The switch interface on this flashlight is spot on for the intended application. Mode-less operation means that actions are always the same. A light press on the main button pulls the flashlight up on high, whereas a harder press clicks it down to stay on. That by itself isn’t fantastic; it’s how the flashlight incorporates the strobe functionality that is really usable.

Strobing flashlights are supposed to confuse and disorient targets, but incorporating another mode into a flashlight in an intuitive way is difficult. Most flashlight interfaces are somewhat confusing to use. However, with the Klarus XT2C you can press the “Mode” button to get straight to a momentary full brightness strobe!

With all the buttons on the back and a compact body, this flashlight would be a great candidate for mounting on a pistol or rifle.

The light beam on the XT2C could be described as “floody” and very wide. The reflector is fairly small and uses an “orange peel” style texture rather than a smooth one. When you point it at something, it floods the whole area with light instead of focusing tightly where you aim it. This is perfect for the intended use as a weapon mounted flashlight.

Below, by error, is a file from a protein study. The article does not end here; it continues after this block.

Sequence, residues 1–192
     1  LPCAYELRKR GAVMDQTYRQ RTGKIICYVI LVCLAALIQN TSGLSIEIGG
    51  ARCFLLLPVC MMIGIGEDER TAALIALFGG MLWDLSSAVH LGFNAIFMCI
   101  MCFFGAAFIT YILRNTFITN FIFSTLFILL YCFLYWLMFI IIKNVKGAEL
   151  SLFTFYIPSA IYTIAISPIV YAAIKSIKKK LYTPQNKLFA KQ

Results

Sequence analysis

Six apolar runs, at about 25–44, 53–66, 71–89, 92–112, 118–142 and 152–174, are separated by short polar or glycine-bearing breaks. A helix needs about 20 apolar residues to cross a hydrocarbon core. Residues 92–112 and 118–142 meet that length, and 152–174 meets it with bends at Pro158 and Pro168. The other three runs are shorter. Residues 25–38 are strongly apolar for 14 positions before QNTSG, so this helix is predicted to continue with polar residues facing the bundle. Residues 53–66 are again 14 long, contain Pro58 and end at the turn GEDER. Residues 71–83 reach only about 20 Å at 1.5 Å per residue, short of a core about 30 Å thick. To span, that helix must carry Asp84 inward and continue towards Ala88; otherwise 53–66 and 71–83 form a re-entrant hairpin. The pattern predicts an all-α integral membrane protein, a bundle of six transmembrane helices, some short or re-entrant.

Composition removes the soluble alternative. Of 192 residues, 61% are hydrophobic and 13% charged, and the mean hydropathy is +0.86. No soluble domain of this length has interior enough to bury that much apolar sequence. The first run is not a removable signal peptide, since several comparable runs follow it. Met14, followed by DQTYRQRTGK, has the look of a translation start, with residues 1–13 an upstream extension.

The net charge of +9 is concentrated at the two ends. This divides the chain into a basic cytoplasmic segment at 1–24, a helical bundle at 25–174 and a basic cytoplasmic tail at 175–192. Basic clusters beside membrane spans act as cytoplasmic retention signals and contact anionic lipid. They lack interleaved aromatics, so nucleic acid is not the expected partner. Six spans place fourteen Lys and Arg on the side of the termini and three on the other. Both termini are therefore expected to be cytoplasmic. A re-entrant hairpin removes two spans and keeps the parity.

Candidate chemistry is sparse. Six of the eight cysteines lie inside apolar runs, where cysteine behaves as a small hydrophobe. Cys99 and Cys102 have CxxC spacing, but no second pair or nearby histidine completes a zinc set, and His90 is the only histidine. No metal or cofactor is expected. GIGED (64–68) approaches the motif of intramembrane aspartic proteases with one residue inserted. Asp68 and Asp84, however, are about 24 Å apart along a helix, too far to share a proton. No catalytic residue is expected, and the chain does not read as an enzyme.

You probably wouldn’t drop your flashlight into a glass of water, but it’s nice knowing that it can handle some water without any problem at all. The flashlight is spec’d at fully waterproof to 2 metres because the o-rings on both sides stop the water from getting past. This light is also impact resistant to a certain height.

All in all, the Klarus XT2C is great value for money. The Cree XM-L is a great LED and really pumps out the lumens in this small flashlight.

Tuesday, 10 May 2016

Review – Klarus AR10

Flashlights are important, aren’t they? Small and large, piercing the darkness like a searchlight or dimly preserving our tactical night vision, we love them all. The AR10 rechargeable flashlight is a pretty straightforward torch, at first glance, but there are hidden superpowers within.

Would you like to purchase the AR10 flashlight? Take a look on Klarus Light's website and you'll find a wide range of durable, affordable flashlights.